Thursday, April 21, 2011


Passover always bring interesting events and discussions in our house. The first year that the kids went to the Jewish preschool involved Jonathan putting on a loin cloth looking thing, harnessing himself to the coffee table, and dragging it around proclaiming he was a Hebrew Slave. He had barely made the growth chart and still had the scrawny preemie look so the effect was dramatic. That spring both kids spent a lot of time explaining to anyone who would listen that “our people were slaves.” This seemed politically problematic in central Virgina. The following year they dressed up regularly as Pharaoh and Cleopatra. Rebecca one year embraced Mirium, which as a feminist I have to support. But I have to admit I could live without the tumbrel accompanying every gesture and we don’t need a douser in our house—at least not the time that imports spewing waters at every possible moment. The combo of a fetish for Roman fountains and Miriam turned our house into a flood zone. This year things are a little more complicated. We got off to a bad start when Jonathan refused to put his book away during the Seder and screamed that this was a holiday of freedom. At this point every household rule is met from one or the other of them with something like “our people marched in the desert for 40 years for freedom.” Yesterday I decided to start explaining the difference between anarchy and freedom and suggested De Toquiville as bedtime reading. And somehow this all led to a discourse from the twins to their cousin Hannah on Hitler, Hitler’s potential suicide, why he hated Jews, and who other tyrants in History were. Jonathan jumped directly to Ramses the second (of course) and Rebecca kindly explained to her cousin that there was genocide in Burundi.

We’ve had a week of musical family, making me wish tha my sister lived closer and that the Charlottesville schools would just once in a while have a day off around a Jewish holiday…. We had the seder at my parents house with my sister and her three kids and then traded our little one for her big one. Jacob, Eli, and Ethan are 3,4 and 5 and come off as tweedle dumb, tweedle dumber, and tweedle dumbest. We took Hannah back with us which left us with two eight year olds and a 6.5 year old.

Meanwhile the countdown to China continues—twenty one days til blast off.. Today’s project involved a massive toy organization and house clean because we will get home about a week before classes start. My sister who got every single organizational gene in from our pool leaving me with none led the charge and was amazing. I’ve started gathering food to mail with Manuel’s lab equipment. I’m a little worried about what Jonathan will eat—he mostly eats bread, cheese and milk. And after years of feeding therapy, failure to thrive etc.. I’ve basically stopped worrying about it but his will present new challenges. I’ve got a nice collection of travel games and madlibs put together. We’re living in what looks to be a pretty modern three-bedroom house. The pictures look kind of pagoda meets cheezy hotel. However it does not have potable water. There is a town that we can bike to which has tons of people in it but is very rural—it’s a shop in a market kind of place not go to the grocery store. I’m also trying to organize my work just in case I get to do some.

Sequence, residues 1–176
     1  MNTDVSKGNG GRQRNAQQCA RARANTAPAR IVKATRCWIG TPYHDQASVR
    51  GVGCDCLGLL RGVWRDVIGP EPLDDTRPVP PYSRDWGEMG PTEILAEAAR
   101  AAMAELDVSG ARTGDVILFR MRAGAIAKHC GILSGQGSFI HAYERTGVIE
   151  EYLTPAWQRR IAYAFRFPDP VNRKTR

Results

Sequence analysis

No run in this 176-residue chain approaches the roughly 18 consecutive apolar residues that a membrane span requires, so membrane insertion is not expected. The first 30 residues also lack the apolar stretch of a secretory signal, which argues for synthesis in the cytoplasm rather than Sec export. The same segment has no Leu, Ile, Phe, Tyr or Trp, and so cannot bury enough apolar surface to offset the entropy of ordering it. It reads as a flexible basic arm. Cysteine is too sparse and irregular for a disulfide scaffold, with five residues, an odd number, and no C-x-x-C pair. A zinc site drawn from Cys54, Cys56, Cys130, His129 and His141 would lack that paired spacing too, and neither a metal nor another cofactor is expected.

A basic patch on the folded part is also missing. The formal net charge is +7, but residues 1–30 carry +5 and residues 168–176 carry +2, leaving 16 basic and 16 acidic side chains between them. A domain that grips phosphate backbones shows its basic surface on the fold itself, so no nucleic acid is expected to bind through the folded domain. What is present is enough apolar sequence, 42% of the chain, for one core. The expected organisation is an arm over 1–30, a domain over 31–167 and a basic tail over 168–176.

Between Passover and China prep it’s been pretty much a no work week other than the continued saga of the Vatican slow—as—molasses--permission office. I’m trying to do something related to the book every day even if it’s nothing more than a translation or reading a related book. This weeks came with a little bonus. I discovered in the bowels of my computer that while waiting for books at the Vatican the last time I was there I seem to have translated the whole of Michael Todini’s Dichiaratione delta Galeria Armonica. I don’t remember doing this one in particular but I do remember sitting in the library fuming over waiting for books, being told I couldn’t have a book etc.. and f violently translating things I thought might be useful. I did it very sloppily and failed to transcribe any of it, which makes it relatively useless for publication. But I found some great little snippets where he explains just how dangerous building a musette can be, the ways that Kircher was completely wrong, and the problems of moving instruments up and down stairs.

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